Project

Cybersecurity, Capacity-Building, and Financial Inclusion (‘CyberFI’) Working Group

     GFCE

Co-chaired by the Carnegie Endowment for International Peace (Carnegie) and the Global Forum on Cyber Expertise (GFCE), the “Cyber FI” working group serves as a convening mechanism for organizations working on cybersecurity in the financial inclusion space. These meetings include stakeholders from across the development, financial services, and cybersecurity communities, with a particular focus on stakeholders in Africa.

Carnegie assumed chairmanship of the Cyber FI working group in January 2021 building on a previous process created and run by the World Bank’s Consultative Group for Assisting the Poor (CGAP) from 2018-2020. In late 2020, CGAP asked Carnegie to assume the secretariat role and to chair its group moving forward. Carnegie agreed on the condition that the process could be expanded to include additional key stakeholders in order to leverage the momentum coming out of the first high-level ‘FinCyber Conference on Financial Inclusion and Cybersecurity’ that Carnegie hosted on December 10, 2020, together with the International Monetary Fund, the World Bank, and the World Economic Forum.

At this conference, the keynote speakers, namely Her Majesty Queen Máxima of the Netherlands, the United Nations Secretary-General’s Special Advocate for Inclusive Finance for Development; Kristalina Georgieva, Managing Director of the International Monetary Fund; and Magda Bianco, co-chair of the Global Partnership for Financial Inclusion from Banca d’Italia highlighted the importance of strengthening the  knowledge transfer among the various stakeholders in the financial supervisory, financial inclusion, development and cybersecurity communities and to strengthen the relationship among them on this crosscutting issue.

The goal of the CyberFI Working Group is therefore to share updates on major activities in this space among key stakeholders, increase transparency across initiatives, and facilitate potential collaboration. The working group meets every 8-10 weeks, and has approximately 50 members, including the World Bank, the IMF, the Gates Foundation, several government representatives as well as industry and academic experts.

Following its first meeting in January 2021, several organizations volunteered to help advance this process. As a result, the GFCE will now be the co-chair of the overall process and the GFCE’s Cybil website will be leveraged to create a knowledge hub dedicated to cybersecurity and financial inclusion. In addition to the plenary sessions, two subgroups were created in February 2021 focusing on two specific workstreams:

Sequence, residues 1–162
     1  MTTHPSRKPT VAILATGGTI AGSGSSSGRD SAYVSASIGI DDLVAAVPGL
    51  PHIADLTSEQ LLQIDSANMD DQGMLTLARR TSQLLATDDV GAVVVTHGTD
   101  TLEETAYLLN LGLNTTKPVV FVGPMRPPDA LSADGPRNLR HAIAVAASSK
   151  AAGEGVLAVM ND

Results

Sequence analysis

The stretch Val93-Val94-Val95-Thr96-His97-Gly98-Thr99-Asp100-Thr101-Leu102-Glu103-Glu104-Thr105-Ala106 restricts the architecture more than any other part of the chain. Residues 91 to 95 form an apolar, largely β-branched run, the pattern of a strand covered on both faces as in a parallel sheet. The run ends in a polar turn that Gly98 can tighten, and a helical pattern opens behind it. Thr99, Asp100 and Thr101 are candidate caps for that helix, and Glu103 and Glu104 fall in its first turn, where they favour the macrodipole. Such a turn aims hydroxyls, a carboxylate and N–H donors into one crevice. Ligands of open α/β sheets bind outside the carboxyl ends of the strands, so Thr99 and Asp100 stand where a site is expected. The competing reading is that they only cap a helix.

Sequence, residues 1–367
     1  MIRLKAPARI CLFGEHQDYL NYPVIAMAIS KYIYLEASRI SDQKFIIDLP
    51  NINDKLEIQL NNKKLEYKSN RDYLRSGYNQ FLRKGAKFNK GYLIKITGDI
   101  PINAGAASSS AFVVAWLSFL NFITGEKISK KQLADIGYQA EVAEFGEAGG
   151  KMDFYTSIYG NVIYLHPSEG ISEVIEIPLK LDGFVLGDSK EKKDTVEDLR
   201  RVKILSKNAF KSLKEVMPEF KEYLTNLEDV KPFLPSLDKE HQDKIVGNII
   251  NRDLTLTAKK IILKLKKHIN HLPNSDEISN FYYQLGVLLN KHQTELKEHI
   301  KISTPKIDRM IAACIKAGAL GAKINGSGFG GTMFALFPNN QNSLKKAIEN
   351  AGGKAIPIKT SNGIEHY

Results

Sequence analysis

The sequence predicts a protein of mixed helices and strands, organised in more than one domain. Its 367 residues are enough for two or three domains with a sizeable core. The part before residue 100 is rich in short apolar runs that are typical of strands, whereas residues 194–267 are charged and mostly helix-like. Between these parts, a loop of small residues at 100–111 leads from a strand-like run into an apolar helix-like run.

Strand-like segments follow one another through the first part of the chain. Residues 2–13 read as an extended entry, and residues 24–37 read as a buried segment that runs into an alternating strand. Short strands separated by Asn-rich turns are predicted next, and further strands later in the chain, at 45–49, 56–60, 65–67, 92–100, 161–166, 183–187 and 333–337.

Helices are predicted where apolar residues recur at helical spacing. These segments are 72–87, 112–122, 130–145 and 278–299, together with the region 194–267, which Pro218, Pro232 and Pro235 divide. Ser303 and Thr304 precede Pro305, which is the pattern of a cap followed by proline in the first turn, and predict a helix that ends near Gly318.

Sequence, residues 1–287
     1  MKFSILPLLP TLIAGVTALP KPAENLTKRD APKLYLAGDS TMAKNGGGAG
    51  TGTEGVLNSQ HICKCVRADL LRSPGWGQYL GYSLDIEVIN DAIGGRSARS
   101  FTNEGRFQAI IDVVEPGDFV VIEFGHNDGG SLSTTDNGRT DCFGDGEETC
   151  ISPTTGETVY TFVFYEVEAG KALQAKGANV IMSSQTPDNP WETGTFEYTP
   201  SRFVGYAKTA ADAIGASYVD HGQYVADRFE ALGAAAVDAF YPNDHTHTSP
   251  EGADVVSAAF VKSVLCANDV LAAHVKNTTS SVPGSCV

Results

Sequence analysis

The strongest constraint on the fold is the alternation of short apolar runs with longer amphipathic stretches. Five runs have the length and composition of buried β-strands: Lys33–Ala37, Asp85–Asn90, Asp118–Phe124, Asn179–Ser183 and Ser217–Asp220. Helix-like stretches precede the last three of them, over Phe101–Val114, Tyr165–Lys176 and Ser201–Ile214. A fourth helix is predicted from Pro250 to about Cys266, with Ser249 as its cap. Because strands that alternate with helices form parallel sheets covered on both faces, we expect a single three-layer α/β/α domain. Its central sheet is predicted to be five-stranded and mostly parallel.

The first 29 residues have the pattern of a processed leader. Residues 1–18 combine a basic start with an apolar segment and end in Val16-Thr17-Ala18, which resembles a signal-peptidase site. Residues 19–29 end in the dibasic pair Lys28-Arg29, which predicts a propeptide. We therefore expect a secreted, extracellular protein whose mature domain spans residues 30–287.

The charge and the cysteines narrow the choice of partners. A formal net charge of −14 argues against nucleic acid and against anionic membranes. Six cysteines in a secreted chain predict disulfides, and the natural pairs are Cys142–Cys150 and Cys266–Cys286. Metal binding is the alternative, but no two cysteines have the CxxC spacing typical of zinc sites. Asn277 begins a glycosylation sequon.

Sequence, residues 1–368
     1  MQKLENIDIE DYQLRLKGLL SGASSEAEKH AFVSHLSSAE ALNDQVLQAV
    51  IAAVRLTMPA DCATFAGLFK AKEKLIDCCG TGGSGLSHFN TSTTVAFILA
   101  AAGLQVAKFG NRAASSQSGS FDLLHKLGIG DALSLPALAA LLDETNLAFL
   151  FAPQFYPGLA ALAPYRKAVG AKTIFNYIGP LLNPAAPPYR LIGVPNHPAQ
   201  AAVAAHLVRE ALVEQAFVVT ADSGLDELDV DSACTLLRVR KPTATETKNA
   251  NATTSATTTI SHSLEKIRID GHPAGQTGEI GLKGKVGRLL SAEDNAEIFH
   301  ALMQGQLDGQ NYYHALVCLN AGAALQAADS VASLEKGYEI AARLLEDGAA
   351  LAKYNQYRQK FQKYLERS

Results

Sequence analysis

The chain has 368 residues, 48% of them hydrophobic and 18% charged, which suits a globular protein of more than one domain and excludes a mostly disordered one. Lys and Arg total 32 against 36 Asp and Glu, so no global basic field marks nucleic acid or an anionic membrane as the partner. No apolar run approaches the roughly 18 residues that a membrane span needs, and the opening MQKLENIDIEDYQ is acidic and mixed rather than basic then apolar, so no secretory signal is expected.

• Regional Center Implementation Work Stream

This work stream focuses specifically on the creation of regional resources centers across the African continent advancing the vision developed through the original CGAP process. Using the launch of the African Cybersecurity Resource Centre (ACRC) in Senegal as a starting point, this sub-group seeks to expand and strengthen the regional ecosystem of financial inclusion efforts and help create future infrastructure projects in other countries across Africa. In this vein, CMU-Africa is working on a related project standing up a center in Kigali, Rwanda. This work stream meets at least once every 8-10 weeks, with the exact cadence to be set by the co-chairs.

    • Co-Chairs: Jean-Louis Perrier (Suricate Solutions), Assane Gueye (CMU-Africa)
  • Policy and Research Advisory Group

This work stream focuses on (i) identifying key research and policy questions that stakeholders face with respect to strengthening cybersecurity and financial inclusion in the medium- to long-term, (ii) mapping these key questions against past and ongoing research projects to identify gaps and potential overlapping efforts and (iii) commissioning research to fill potential gaps. This research agenda will help provide the foundation to assess which ongoing research projects align with core questions in the field, and which questions have not been adequately addressed. This work stream will also identify experts in Africa or with a focus on Africa and help create an informal network of academics and practitioners in this space. Ultimately the Policy and Research Work Stream will be in a position to commission research to drive this space forward. This work stream meets at least once every 8-10 weeks, with the exact cadence to be set by the co-chairs.

    • Co-Chairs: Demet Canakci (Toronto Centre for Global Leadership in Financial Supervision), Noelle Cowling (Security Institute for Governance and Leadership in Africa), Steve Mambo (Yelbridges), Dirk Zetzsche (University of Luxembourg)

Finally, to build on the success of the December 10 conference, Carnegie will host a second high-level ‘FinCyber Conference on Financial Inclusion and Cybersecurity’ in December 2021. The CyberFI will provide important input on shaping this event and follow-on recommendations for key government stakeholders in this space.


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